Rail: In some of these stories death is calling for you. In others you’re calling for it. Where lies the power of the artist in confronting death?
McCartney: That’s a pretty perfect articulation of the position my narrator finds himself in. He’s positioned somewhere between death and life, half-way between the living and the dead. They keep calling him, to paraphrase a line from another great song about death, Joy Division’s Dead Souls. I can’t speak for every artist, I can only speak for my own process, which I conduct very much in private, in isolation, but to write this book I had to situate myself inside that tension you refer to: with one ear out for the dead, listening, one hand gesturing to them, beckoning them. I had to write from within that dialectic and gradually see what synthesis occurs. I wrote The Disintegrations in a kind of call and response fashion, recording what the dead offered when I reached out to them. That’s the space I was living in, for all the years it took to write this book, hence its difficulty.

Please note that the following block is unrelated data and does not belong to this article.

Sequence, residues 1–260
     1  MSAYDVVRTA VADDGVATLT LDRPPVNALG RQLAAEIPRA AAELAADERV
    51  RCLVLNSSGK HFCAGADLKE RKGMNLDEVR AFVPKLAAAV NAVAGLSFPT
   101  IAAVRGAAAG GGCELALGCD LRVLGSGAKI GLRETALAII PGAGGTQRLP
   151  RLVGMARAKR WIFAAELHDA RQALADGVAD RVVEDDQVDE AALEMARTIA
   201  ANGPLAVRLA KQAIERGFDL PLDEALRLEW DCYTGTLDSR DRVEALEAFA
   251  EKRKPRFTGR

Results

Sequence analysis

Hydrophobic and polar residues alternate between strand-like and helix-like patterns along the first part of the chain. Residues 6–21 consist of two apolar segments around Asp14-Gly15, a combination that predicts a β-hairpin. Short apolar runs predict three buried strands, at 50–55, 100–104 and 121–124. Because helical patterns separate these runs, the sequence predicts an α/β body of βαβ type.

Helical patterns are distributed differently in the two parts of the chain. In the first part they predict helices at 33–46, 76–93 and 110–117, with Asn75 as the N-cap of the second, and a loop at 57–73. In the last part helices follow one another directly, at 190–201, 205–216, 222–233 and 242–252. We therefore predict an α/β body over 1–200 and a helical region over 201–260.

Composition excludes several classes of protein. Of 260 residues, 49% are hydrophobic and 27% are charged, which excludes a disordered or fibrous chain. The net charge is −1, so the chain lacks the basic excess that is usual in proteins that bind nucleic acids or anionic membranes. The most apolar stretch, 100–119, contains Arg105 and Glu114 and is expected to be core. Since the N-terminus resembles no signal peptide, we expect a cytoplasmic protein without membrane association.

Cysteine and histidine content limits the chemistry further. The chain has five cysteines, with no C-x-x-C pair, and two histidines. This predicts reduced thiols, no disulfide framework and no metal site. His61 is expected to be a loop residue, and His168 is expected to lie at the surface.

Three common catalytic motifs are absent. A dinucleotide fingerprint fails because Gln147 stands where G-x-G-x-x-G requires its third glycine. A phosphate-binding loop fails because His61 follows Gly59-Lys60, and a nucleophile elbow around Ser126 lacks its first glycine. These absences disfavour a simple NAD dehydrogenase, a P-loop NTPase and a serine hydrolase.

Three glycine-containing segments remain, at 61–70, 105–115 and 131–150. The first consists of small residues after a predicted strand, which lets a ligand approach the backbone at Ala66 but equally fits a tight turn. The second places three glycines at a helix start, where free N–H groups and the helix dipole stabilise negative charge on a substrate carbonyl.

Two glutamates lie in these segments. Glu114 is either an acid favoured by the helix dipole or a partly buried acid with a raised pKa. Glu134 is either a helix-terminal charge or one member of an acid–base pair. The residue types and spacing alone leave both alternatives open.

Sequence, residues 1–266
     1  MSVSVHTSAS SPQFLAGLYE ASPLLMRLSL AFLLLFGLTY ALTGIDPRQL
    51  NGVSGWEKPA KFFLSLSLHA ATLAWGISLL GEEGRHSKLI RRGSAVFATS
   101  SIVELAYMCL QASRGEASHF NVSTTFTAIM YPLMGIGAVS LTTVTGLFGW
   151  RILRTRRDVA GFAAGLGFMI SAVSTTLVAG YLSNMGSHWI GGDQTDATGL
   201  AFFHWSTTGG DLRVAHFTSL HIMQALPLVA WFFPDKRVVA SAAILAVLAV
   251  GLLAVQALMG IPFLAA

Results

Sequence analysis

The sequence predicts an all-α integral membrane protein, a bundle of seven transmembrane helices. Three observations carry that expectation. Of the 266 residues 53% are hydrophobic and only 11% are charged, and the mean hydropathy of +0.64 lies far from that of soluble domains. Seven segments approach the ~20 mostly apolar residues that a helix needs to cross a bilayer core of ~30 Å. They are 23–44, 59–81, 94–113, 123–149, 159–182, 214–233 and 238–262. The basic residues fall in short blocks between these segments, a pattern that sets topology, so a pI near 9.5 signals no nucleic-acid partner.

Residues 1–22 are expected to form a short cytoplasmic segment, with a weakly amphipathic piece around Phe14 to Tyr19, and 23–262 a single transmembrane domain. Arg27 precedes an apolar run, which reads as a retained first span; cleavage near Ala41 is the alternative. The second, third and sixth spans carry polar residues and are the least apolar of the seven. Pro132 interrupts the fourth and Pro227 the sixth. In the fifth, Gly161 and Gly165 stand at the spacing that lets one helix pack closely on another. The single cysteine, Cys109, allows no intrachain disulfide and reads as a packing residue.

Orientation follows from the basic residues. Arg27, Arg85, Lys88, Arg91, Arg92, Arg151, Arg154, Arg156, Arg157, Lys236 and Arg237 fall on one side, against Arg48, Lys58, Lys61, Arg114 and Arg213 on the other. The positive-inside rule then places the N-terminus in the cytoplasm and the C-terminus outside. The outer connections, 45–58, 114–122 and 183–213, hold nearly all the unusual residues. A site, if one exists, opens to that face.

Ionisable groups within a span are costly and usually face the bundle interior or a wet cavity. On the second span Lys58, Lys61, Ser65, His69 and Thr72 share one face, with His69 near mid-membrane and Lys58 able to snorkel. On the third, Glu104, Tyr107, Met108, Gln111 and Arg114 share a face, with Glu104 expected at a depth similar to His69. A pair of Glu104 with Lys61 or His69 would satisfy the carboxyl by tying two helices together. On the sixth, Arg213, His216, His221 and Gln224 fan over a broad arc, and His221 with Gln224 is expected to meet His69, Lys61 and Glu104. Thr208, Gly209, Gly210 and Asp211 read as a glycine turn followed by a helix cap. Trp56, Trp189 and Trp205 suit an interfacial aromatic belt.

Rail: When asked about death, Hemingway once famously quipped, “Death, just another whore,” (though I might be paraphrasing). Is this just bullshit; some machismo, (and maybe misogynist,) bravado, or do you see any wisdom in it?